The Indian Ministry of Defence has successfully test-fired its domestically-built nuclear-capable ballistic missile Dhanush, from a naval ship off the Odisha coast.
Press Trust of India cited Integrated Test Range director Prasad as saying that the missile was successfully launched by the strategic force command (SFC) of the Indian defence force from a naval ship.
During the testing, conducted as part of a navy training exercise, the surface-to-surface missile was test fired from a location at the Bay of Bengal, while the DRDO provided all logistic support to track the missile’s flight path, according to The New Indian Express.
The missile, which has a launch weight about 4.4t, has validated its mission parametres such as elevation, trajectory, azimuth, flight path and stage separation as part of the trials.
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Developed by the Defence Research and Development Organisation (DRDO) under the Integrated Guided Missile Development Programme (IGMDP), single-stage, liquid propelled Dhanush is currently in service with the armed services.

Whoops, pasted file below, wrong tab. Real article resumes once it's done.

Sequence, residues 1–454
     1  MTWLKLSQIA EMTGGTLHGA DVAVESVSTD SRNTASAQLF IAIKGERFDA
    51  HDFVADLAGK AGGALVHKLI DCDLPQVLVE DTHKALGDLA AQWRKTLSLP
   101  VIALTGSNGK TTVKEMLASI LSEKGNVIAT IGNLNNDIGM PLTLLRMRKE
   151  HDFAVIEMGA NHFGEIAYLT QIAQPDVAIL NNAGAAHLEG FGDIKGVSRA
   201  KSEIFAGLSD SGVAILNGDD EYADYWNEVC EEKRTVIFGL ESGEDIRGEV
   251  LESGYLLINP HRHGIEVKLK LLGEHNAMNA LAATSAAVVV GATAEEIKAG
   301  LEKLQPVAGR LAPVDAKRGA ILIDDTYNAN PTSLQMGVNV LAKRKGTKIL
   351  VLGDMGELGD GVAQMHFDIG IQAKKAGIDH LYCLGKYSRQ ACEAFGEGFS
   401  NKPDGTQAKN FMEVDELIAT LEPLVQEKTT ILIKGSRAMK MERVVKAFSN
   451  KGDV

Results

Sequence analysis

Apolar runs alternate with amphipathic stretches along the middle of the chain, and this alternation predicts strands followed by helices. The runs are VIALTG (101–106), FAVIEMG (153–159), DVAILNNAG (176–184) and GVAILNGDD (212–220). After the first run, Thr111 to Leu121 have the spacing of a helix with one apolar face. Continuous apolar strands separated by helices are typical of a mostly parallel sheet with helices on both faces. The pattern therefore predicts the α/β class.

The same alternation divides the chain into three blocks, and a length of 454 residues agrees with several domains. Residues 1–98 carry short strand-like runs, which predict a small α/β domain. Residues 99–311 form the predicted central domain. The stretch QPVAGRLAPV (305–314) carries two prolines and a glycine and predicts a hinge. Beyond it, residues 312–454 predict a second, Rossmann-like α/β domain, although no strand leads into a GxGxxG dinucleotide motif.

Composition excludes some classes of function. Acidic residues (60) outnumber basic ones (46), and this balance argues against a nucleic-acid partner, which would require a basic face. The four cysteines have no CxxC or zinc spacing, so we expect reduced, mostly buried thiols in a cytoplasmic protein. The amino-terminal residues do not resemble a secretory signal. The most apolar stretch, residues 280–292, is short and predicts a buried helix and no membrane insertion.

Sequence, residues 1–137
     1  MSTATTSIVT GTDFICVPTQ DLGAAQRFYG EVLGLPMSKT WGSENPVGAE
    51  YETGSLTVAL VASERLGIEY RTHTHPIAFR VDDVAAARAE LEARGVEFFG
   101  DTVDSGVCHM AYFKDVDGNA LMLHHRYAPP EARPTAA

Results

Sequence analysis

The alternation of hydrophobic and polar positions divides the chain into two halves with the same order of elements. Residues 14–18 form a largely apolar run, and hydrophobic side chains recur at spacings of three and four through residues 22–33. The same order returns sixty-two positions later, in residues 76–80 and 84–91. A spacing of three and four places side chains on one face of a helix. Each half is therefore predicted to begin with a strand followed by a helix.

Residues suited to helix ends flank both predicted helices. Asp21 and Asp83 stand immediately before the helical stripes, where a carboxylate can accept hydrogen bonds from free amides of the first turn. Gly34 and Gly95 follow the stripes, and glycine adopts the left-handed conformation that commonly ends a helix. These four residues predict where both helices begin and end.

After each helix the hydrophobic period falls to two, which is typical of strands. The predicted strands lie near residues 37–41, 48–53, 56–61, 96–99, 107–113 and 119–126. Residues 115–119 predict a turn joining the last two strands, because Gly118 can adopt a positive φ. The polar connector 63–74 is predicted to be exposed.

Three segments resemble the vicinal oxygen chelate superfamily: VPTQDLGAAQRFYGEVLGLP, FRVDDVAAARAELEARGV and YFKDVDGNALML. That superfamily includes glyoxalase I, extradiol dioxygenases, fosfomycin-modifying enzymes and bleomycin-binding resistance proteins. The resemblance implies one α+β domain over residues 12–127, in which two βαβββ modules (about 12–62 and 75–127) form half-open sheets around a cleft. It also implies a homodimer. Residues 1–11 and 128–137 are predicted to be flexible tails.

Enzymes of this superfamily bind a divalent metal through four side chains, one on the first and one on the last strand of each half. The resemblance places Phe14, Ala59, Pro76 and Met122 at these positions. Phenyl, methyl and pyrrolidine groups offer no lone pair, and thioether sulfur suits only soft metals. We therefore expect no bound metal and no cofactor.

Prasad told The New Indian Express that the test was 100% successful with all the events, monitored by the range sensors, occurred as anticipated.
"It was a user trial and has met all the mission objectives," Prasad added.
Capable of carrying a conventional as well as nuclear payload of 500 to 1,000kg, the 8.53m-long Dhanush missile is a naval variant of India’s indigenously developed Prithvi missile.
"The trial was conducted by the SFC of the Indian defence force in co-operation with DRDO," a defence official said.
In addition to using it as an anti-ship weapon, the missile can be deployed for destroying land targets, depending on the range.